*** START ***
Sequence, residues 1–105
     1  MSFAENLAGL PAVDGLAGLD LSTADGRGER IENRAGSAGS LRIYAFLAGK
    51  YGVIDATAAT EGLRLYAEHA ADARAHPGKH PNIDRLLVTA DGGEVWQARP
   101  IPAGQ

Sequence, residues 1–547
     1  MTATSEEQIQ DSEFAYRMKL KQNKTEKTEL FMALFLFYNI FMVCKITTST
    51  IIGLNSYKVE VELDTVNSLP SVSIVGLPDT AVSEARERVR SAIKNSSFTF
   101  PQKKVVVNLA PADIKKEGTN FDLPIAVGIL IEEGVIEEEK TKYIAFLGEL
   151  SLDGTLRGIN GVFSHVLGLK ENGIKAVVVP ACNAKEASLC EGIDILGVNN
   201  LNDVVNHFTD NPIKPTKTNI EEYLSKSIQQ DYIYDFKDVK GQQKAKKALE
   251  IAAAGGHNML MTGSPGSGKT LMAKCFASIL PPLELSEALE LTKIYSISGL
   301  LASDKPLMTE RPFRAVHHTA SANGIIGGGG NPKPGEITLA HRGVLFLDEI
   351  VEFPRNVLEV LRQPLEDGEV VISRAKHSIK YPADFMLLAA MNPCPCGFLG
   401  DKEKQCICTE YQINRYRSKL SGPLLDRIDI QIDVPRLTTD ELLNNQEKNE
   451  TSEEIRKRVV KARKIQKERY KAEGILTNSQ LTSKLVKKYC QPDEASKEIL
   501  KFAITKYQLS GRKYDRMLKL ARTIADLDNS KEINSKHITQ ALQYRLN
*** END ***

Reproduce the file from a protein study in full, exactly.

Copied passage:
Sequence, residues 1–105
     1  MSFAENLAGL PAVDGLAGLD LSTADGRGER IENRAGSAGS LRIYAFLAGK
    51  YGVIDATAAT EGLRLYAEHA ADARAHPGKH PNIDRLLVTA DGGEVWQARP
   101  IPAGQ

Sequence, residues 1–547
     1  MTATSEEQIQ DSEFAYRMKL KQNKTEKTEL FMALFLFYNI FMVCKITTST
    51  IIGLNSYKVE VELDTVNSLP SVSIVGLPDT AVSEARERVR SAIKNSSFTF
   101  PQKKVVVNLA PADIKKEGTN FDLPIAVGIL IEEGVIEEEK TKYIAFLGEL
   151  SLDGTLRGIN GVFSHVLGLK ENGIKAVVVP ACNAKEASLC EGIDILGVNN
   201  LNDVVNHFTD NPIKPTKTNI EEYLSKSIQQ DYIYDFKDVK GQQKAKKALE
   251  IAAAGGHNML MTGSPGSGKT LMAKCFASIL PPLELSEALE LTKIYSISGL
   301  LASDKPLMTE RPFRAVHHTA SANGIIGGGG NPKPGEITLA HRGVLFLDEI
   351  VEFPRNVLEV LRQPLEDGEV VISRAKHSIK YPADFMLLAA MNPCPCGFLG
   401  DKEKQCICTE YQINRYRSKL SGPLLDRIDI QIDVPRLTTD ELLNNQEKNE
   451  TSEEIRKRVV KARKIQKERY KAEGILTNSQ LTSKLVKKYC QPDEASKEIL
   501  KFAITKYQLS GRKYDRMLKL ARTIADLDNS KEINSKHITQ ALQYRLN